17 November 2011
Around 50 per cent of males who take the drug tamoxifen to prevent breast cancer returning could experience significant side effects, new research has revealed.
Scientists at the University of Texas MD Anderson Cancer Center found that weight gain and sexual dysfunction were among the effects of the drug, which prompted patients to discontinue use - putting them at risk of the disease recurring.
The oestrogen-blocking drug is foremost used in male breast cancer patients as a final method of preventing regrowth, but a study of men taking the prescribed medication showed that 20 per cent stopped using it due to its restricting side effects.
Sharon Giordano, associate professor of medicine in MD Anderson's Department of Breast Medical Oncology and senior author of the study published in the journal Annals of Oncology, said: "While tamoxifen is effective in treating breast cancer in men, little is known about its toxicity. This research will help doctors and patients better understand the side effects men experience."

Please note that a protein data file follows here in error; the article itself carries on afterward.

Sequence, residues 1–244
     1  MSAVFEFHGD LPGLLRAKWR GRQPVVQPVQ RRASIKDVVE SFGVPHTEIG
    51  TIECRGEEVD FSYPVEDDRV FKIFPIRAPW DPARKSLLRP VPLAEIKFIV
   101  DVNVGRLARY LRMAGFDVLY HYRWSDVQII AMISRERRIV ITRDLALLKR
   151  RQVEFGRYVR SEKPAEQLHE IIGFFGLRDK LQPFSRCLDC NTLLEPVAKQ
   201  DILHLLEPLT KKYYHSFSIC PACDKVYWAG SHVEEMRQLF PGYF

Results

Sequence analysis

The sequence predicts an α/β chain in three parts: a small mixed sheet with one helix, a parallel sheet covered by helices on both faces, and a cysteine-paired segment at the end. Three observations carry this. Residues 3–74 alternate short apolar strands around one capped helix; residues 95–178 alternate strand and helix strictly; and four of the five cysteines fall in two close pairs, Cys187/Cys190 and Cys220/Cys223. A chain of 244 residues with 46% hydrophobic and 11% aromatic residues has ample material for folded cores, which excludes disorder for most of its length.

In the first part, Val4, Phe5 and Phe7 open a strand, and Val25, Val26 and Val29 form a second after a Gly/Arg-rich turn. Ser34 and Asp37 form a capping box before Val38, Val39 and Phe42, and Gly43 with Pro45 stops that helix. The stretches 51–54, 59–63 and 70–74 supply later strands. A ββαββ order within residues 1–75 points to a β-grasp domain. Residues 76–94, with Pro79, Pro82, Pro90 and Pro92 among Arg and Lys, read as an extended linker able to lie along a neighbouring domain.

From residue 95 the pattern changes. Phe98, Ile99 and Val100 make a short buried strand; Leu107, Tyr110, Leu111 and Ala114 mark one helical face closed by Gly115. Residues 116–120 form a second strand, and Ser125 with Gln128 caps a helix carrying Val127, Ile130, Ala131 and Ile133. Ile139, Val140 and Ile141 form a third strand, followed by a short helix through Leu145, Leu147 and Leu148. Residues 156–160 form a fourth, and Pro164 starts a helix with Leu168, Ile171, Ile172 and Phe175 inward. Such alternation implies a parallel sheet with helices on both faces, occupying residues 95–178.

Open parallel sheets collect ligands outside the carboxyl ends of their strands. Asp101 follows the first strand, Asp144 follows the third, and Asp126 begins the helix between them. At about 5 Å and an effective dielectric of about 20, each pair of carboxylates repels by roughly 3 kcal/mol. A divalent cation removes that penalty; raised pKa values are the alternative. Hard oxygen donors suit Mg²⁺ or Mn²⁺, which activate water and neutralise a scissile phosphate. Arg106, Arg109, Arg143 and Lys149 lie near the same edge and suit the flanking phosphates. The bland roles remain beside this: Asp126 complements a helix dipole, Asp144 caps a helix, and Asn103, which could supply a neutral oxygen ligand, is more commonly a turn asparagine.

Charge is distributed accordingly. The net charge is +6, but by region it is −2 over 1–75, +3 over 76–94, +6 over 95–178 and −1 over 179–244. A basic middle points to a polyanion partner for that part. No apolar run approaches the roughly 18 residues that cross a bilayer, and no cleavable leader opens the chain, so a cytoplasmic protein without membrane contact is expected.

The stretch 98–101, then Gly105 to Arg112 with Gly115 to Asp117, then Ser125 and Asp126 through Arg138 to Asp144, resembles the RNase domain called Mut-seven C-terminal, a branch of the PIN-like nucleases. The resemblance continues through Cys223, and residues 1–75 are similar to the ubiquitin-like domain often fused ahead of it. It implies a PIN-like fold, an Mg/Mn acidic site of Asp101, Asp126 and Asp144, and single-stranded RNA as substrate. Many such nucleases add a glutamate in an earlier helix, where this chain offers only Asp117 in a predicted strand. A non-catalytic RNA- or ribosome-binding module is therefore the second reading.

Macmillan Cancer Care found that an estimated 300 men in the UK are diagnosed with breast cancer each year, which accounts for less than one in every 100 cases of breast cancer in both male and female patients.
Posted by Philip Briggs
Giordano, Sharon, et al, "Retrospective review of male breast cancer patients: analysis of tamoxifen-related side-effects", Annals of Oncology, November 15th 2011
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